What does a Growth Engineer do?

This article is the result of two events that took place in the same week. A conversation with my friend Tuka, growth at CodingGame and one of my former students at Rocket School, who asked my opinion on the Growth Engineer profession for a possible retraining. And the same week, I received a LinkedIn message from a recruiter, “Hello, you have a Growth Engineer profile, would you be interested in this opportunity?”. No, I definitely don’t have the profile, your automation outreach seems to be badly set up.

I’ve chosen to write an article on the job of Growth Engineer. It’s a job that’s still little-known, but one that’s all too often forgotten when it comes to building a Growth team (a team that’s often made up of just one person, after all…).

I searched LinkedIn for ads for Growth Engineers in France. LinkedIn gave me 859 results. However, only seven are Growth Engineer jobs, the others are mainly IT Engineer jobs. This search tells me two things: Growth Engineer is still a niche job, and LinkedIn’s search algorithm is terrible.

What is a Growth Engineer?

The role of the Growth Engineer is to bring technical skills to marketing teams, operational teams, and sometimes product teams. Their place in a team will depend on the structure of the company. He/she is a full-stack developer, with a business or marketing background. Among his/her roles, he/she is there to support the Growth team, find automations, launch MVPs and above all accelerate Growth experiments… The Growth Engineer brings his/her solid technical background to the team.

Our role is cross-functional, meaning that we’ll be “Development As a Service”. We’re going to help the other Growth teams accelerate their actions, and automate the processes they’ve put in place to keep a steady pace of growth.

Julien Collet, Growth Engineer.

Here’s a situation I’ve experienced all too often. I came up with an idea for an experiment that I want to test quickly. I started looking for a tool to carry out the experiment. From here on, I come up against three scenarios:

  • I spot a tool that matches my needs, all goes well, I install it and add it to my marketing budget.
  • I find a tool that almost matches my needs, I adapt my experimentation according to the tool’s specificities rather than my original idea.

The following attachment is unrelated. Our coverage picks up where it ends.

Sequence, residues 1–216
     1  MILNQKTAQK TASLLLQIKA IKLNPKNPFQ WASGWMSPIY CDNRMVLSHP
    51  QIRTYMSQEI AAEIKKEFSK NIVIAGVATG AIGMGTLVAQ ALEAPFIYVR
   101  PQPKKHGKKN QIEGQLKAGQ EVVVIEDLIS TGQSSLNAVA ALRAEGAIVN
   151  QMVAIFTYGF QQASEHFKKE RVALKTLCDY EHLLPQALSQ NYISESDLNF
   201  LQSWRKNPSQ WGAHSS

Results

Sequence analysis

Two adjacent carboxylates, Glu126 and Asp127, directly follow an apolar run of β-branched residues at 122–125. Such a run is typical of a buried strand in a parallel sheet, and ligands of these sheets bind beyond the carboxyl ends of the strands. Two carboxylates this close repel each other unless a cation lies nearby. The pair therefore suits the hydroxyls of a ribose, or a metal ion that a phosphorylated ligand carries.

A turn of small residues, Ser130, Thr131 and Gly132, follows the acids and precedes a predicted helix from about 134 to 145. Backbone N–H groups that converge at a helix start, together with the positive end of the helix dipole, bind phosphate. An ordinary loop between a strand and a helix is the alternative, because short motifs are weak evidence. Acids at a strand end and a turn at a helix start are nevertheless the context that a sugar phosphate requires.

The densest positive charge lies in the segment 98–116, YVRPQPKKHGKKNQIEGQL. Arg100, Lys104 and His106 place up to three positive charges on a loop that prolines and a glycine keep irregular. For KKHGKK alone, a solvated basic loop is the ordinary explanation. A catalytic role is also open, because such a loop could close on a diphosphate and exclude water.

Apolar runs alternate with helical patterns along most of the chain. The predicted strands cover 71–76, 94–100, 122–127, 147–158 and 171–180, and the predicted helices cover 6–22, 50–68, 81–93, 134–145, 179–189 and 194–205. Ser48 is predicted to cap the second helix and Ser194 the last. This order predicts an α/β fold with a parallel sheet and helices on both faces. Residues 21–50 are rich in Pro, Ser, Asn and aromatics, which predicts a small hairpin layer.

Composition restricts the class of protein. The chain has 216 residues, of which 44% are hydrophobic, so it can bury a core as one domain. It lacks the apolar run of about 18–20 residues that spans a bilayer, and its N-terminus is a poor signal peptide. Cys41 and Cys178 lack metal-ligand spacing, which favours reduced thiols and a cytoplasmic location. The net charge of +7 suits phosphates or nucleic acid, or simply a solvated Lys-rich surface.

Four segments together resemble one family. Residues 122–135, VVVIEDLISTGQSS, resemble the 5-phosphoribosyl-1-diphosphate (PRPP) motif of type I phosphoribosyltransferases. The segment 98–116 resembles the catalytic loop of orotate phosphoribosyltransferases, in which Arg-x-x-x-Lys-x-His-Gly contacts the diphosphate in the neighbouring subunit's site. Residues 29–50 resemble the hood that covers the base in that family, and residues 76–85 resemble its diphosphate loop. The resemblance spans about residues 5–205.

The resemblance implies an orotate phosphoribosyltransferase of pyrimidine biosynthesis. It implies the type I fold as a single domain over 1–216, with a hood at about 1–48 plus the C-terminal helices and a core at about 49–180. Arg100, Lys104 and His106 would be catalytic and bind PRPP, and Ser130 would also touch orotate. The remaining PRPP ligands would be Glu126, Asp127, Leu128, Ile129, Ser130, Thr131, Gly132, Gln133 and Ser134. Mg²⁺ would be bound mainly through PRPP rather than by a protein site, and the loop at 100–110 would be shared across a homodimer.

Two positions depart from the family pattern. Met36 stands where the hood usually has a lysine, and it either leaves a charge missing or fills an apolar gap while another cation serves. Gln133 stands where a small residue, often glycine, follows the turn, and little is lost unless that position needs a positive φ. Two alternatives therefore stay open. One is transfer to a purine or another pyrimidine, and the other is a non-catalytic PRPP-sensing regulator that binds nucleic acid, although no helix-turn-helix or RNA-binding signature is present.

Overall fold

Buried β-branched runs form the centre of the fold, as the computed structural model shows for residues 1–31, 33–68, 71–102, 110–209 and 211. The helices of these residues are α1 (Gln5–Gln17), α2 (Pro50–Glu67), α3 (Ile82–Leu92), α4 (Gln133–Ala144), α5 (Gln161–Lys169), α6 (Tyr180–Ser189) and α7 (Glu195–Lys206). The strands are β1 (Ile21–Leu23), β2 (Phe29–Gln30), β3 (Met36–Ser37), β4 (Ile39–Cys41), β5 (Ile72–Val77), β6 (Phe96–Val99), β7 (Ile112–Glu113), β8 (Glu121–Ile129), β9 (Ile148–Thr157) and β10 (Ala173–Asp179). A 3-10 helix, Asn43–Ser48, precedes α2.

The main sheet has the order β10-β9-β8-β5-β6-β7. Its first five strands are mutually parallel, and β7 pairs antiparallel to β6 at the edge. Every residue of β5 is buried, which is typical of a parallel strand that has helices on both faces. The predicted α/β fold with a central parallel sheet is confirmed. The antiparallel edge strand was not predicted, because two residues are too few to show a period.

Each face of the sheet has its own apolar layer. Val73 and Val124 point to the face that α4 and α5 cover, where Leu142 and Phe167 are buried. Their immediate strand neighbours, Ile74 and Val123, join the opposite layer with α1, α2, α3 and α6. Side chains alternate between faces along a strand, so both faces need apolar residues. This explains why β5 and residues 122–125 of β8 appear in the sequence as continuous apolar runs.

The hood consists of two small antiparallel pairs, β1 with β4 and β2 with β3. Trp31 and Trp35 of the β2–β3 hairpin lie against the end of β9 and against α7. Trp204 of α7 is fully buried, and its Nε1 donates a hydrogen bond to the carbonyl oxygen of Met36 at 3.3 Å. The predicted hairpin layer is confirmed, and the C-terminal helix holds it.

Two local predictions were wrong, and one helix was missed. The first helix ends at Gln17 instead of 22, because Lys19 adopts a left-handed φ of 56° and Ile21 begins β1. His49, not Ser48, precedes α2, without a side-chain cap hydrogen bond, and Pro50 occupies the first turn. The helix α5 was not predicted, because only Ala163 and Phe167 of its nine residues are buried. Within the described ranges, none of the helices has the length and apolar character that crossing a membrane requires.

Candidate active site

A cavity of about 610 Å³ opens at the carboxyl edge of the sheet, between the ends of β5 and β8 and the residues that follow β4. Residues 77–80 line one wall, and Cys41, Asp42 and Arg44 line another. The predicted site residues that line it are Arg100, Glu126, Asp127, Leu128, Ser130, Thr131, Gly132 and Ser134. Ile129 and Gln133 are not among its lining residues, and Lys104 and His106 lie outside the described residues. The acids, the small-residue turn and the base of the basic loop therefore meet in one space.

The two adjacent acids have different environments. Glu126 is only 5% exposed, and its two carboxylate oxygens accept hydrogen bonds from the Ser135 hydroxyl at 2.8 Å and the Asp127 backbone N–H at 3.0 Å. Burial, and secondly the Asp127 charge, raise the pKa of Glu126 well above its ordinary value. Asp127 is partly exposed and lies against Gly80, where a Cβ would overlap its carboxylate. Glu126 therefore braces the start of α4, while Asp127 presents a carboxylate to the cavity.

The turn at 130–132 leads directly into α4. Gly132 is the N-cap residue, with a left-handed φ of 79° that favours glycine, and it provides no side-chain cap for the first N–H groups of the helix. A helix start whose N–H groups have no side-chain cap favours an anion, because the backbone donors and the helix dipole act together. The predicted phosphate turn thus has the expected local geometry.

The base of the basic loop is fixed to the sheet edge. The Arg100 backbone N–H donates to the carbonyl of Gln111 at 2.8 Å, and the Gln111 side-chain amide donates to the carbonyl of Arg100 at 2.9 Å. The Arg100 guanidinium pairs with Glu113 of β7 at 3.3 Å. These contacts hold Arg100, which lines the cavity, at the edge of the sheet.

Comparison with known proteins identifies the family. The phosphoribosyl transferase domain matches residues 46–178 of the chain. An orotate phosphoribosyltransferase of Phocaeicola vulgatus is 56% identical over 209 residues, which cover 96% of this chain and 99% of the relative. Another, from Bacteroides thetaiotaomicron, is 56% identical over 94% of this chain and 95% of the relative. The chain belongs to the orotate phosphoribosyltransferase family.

• I don’t find a tool, or the one I do find requires specific integrations with our product. In the latter case, I consult the tech team: “Hi, I’m from the marketing team, I’d like this, this and this to make a test/MVP/automation. This will take time out of your current sprint, and I can’t guarantee that I’ll keep this setup. I’d like to test the results first. Is that okay with you?” No need for suspense, to tell you that in the latter case, developers, often overwhelmed, refuse my request. I don’t blame them; developers are generally under-staffed, but over-solicited. My experiment dies in the bud.

If I’d had a Growth Engineer on my team, the Growth Engineer could have helped me launch my experiment without the need for an external tool or disturbing the tech team. As long as the Growth Engineer has access to the source code and the database. With a Growth Engineer, programming experiments is no longer an obstacle and dependence on external tools can be reduced. Of course, if a tool meets your needs perfectly and is within your budget, don’t reinvent the wheel with your Growth Engineer.

But a Growth Engineer isn’t just there to take requests from the Growth Manager or Head of Growth. The Growth Engineer must also propose ideas. Their skills enable them  to see technical solutions to a business problem that other team members won’t see.

“You have to be a driving force on the marketing side too. His role isn’t limited to just coding, you have to find out what needs to be coded and therefore have a global vision.”

Thibaut Davoult, Head of Growth